When the Milestones of Motherhood Come Way Too Fast

Sometimes the cycles push us into seasons before we feel ready.

Back to school supplies flood the aisles and the clearance floaties and sunscreen and coolers line the back end caps with red stickers and slashed prices.

And then 5 subject notebooks, dorm room matching comforter sets, Crayolas, and boxes of number two pencils are clearanced to make room for pumpkins and costumes and bags of candy corn.

And those kids with their summer-browned limbs fade away too. Maybe off on their first day of Kindergarten when you place them on the front porch and they smile wide and toothy flashing the first day of school sign you printed off Pinterest. And their backpack is bigger than their whole torso leaving them looking lopsided and weighed down but it’s your shoulders you held back from rushing to them when they turned around with one last glance before disappearing into the classroom.

You may have gone back to your car and cried because it’s all too fast, or sighed in relief that it’s a new chapter, or both.

Maybe they’re off on their own, maybe you drove them across the country and set them up with boxes of stuff to make it feel homey and you met their roommate and made them pose for pictures and you hugged them extra tight but you drove home alone. Now when they come home, they’ll be visiting. And you’re so proud and so scared and it’s all new for you too.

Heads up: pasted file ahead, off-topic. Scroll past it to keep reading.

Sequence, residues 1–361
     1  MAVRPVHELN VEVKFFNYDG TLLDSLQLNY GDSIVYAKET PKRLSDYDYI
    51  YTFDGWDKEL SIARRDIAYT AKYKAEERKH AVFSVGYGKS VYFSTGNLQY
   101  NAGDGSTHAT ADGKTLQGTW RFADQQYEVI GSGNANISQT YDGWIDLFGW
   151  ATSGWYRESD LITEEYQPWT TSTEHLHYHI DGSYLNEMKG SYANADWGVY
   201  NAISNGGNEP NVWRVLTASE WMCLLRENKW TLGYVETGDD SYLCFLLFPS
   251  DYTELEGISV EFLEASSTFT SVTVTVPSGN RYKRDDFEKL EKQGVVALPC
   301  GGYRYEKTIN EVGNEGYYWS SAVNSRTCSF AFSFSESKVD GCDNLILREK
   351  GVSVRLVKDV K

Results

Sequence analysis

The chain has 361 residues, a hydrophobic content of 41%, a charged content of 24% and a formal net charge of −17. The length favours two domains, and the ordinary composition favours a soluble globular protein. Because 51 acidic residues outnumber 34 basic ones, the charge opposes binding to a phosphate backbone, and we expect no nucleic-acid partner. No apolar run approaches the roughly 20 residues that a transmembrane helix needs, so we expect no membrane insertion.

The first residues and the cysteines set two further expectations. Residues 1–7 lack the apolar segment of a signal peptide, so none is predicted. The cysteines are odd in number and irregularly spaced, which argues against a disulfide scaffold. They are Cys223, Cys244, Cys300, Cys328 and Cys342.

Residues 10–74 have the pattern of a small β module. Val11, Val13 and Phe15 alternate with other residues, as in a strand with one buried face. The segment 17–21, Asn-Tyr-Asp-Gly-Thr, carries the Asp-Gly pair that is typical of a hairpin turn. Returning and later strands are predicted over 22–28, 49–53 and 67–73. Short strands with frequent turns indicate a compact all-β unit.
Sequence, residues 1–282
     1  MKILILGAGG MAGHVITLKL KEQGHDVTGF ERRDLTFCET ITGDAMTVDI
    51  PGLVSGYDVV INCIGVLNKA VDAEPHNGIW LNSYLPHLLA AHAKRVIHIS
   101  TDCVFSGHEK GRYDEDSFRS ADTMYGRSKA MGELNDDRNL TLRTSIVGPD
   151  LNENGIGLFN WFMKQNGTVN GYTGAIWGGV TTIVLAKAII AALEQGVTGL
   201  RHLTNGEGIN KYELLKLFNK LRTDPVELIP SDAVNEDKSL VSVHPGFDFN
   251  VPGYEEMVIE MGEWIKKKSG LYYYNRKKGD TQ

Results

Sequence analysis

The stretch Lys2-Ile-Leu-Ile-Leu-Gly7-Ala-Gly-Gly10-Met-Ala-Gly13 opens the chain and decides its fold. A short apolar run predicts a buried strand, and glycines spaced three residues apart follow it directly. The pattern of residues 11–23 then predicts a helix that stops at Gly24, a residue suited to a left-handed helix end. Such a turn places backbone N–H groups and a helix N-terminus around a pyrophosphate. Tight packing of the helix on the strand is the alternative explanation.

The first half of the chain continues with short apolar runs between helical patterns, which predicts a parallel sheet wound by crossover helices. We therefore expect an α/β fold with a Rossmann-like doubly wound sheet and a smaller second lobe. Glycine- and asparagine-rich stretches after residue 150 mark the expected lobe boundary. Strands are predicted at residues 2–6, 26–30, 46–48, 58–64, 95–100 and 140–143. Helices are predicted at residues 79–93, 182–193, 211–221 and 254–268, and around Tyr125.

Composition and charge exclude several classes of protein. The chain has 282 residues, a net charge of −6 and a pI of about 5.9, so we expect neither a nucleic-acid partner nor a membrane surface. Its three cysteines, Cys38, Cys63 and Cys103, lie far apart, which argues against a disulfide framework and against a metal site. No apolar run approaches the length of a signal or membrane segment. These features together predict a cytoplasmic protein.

It came so fast.

Because soon you’ll walk the aisles of Target and there’ll be pumpkin costumes and you’ll remember when you wheeled them around your local pumpkin patch and they picked the most wonky elongated pumpkin and they wanted to carve it themselves so you got a knife that wouldn’t instantly sever fingers but you still wrapped your hand over theirs and edged the hollows out and let them stay up past dark to light it up and set it on the porch. But suddenly you feel hollowed out too.

We live a thousand seasons with one memory. Sometimes we ache with them.

It doesn’t matter what season is upon me, I seldom feel ready and yet they never wait.

Costco will stock aisles of gifts and wrapping paper and giant inflatable snowmen. Yet our Dahlias are still in bloom in the garden. The first frost will slay them and it’s coming whether I’m ready or not.

Alia Joy
Alia Joyhttp://aliajoy.com/
Alia Joy is the daughter of both a book lover and a storyteller and in that she was destined to be a writer. She is a collector of words, speaker, and homeschooling mother of three making her home in Central Oregon with her husband, Josh, her mother, a bunny, and a bunch of chickens. She shares her life with readers of her blog- Aliajoy.com -weaving beauty throughout even the most broken of stories. Her work touches on so many of the hurts of today's women- depression and abuse, race and culture, body image and the hard work of seeing God's glory in the mess. Alia's unique perspective and raw vulnerability make her an approachable voice, a place to come and say, "me too." She is also a regular monthly contributor at (in)courage, SheLoves Magazine, GraceTable, The Mudroom, and Deeper Waters. She is currently at work on her first book.

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